‘Soft & Quiet’ Ending, Explained: Who Was Emily? Did Anne And Lily Survive The Violent Night?

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Beth de Araujo’s debut feature film, “Soft & Quiet,” is a one-shot film (shot in four parts) with a palpable sense of terror throughout the runtime. It is always reassuring to watch a film with mostly women working behind and in front of the camera. De Araujo used her lived experience to develop this indie horror.

The audience is introduced to a white woman who is in tears after learning that she is not pregnant. We soon grasp that she is a schoolteacher, and she waits with one of her students whose parent is yet to come to take him home. It seemed bizarre when she encouraged her student to scold a non-white janitor who was cleaning the floors of the school. She stated that it was to teach her student to stand up for himself. She even lied to the parent, saying the student got injured because of the janitor’s carelessness.

Before making the film, De Araujo studied the women involved in the “Tradlife” movement; she noticed how they were visibly “soft” and “gentle,” which helped them propagate their message in mainstream media. The protagonist, Emily, is seemingly a gentle, white kindergarten teacher who carries a large pie with a swastika motif in hand.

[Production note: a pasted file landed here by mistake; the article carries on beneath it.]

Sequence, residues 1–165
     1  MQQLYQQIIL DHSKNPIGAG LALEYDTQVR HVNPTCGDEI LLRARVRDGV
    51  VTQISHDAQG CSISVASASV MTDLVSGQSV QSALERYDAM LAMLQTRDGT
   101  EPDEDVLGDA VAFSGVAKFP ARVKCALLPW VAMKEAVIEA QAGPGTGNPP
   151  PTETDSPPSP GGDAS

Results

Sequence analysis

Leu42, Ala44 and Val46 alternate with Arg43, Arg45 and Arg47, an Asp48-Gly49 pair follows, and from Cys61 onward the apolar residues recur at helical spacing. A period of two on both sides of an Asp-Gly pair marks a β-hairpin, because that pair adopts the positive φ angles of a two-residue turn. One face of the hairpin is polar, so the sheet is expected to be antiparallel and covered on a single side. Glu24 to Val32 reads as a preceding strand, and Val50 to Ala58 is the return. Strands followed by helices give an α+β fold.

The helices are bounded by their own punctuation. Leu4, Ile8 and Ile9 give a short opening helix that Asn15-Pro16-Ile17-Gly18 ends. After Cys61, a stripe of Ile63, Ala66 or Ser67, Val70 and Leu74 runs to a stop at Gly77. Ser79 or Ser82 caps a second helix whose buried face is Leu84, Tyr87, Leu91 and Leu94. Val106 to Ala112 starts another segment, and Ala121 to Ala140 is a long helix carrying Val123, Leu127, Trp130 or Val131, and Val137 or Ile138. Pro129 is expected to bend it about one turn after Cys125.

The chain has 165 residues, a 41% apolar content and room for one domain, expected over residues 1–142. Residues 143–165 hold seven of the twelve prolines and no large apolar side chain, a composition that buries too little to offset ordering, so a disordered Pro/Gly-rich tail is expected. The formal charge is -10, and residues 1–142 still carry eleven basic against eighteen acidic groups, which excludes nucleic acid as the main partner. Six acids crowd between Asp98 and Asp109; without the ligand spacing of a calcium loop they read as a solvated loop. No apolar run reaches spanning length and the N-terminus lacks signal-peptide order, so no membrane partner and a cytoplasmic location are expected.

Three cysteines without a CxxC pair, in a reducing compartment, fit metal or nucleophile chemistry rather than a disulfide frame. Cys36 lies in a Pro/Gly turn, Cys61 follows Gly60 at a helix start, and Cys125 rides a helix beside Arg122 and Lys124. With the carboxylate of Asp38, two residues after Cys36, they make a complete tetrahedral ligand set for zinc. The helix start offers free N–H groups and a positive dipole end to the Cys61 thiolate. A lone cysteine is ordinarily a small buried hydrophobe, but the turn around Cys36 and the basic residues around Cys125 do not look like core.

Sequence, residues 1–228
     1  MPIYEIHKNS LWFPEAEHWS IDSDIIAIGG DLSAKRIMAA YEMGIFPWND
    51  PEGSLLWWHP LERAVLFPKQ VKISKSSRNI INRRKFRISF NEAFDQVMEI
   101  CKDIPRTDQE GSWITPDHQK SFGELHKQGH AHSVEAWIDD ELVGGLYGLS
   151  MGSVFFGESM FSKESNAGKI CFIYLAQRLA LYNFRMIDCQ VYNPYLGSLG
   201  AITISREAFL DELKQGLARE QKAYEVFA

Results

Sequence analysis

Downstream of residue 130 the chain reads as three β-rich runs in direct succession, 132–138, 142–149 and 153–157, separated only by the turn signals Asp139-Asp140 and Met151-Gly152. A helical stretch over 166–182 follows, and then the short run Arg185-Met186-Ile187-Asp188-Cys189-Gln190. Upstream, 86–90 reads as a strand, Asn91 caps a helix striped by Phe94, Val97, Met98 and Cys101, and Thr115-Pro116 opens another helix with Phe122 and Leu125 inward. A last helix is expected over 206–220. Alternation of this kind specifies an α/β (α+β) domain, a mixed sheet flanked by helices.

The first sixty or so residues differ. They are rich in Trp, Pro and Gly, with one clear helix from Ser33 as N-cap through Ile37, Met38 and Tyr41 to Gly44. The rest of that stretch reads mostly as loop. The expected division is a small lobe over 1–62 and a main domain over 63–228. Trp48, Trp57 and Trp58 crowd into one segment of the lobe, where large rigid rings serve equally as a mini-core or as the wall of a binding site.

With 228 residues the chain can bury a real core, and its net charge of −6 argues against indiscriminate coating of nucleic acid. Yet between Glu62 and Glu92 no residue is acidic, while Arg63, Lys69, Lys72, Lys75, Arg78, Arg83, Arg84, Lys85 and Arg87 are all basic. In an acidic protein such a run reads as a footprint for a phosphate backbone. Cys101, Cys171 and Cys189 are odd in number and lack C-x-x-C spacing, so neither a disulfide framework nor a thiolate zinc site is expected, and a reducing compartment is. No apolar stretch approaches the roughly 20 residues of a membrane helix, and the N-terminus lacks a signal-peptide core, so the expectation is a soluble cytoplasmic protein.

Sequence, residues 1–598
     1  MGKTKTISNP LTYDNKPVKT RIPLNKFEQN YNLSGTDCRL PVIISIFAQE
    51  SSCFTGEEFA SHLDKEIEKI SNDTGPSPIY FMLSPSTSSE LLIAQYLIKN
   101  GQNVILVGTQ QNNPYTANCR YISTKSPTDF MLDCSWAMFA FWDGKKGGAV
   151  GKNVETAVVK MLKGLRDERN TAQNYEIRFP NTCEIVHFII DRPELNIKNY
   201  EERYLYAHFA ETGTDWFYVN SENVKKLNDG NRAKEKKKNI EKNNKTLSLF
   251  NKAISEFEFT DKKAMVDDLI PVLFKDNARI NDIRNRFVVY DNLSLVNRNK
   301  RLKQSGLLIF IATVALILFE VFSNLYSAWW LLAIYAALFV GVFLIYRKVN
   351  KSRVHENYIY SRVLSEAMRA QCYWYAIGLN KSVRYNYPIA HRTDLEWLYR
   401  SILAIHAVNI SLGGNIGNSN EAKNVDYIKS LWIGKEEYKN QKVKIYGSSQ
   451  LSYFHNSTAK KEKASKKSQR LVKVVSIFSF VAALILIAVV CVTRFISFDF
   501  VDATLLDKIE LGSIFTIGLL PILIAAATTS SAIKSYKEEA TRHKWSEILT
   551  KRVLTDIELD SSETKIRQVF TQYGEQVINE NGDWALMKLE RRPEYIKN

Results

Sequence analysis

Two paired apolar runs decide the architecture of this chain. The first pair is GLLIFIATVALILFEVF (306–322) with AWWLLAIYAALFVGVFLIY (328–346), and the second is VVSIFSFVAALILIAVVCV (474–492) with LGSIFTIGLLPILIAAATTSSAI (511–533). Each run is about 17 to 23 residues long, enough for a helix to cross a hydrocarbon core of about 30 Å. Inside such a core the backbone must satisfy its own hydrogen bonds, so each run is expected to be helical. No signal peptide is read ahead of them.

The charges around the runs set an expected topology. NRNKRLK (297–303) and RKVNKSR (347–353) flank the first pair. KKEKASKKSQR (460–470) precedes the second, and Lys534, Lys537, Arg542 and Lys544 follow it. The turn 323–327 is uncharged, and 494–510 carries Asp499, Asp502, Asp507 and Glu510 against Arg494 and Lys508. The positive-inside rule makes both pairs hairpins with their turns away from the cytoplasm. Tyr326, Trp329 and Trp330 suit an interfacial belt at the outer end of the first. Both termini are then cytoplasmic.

Spoilers Ahead


‘Soft & Quiet’ Plot Summary: What Is The Film About?

The camera follows Emily as she walks through the woods with a pie in her hand. She met one of the members of the group, Leslie, on the way to the meeting. Leslie was recommended to join the group by her employer, Kim. The group met on the first floor of a church. The moment Emily removed the cover of the pie and exposed the swastika made on top of it, we knew what this group meeting was all about. The members of the group laugh about the symbol, making it seem like a joke, but the discussion that soon follows confirms that it was all intentional. It was the first meeting of the “Daughters for Aryan Unity.” As the name suggests, the women discussed how they had been made to feel guilty for being white all their lives. They believed it was time to be proud of their race; after all, the entire world benefited from the white men’s business. They were a superior race with better genes that guaranteed better lives, and they refused to be apologetic about it.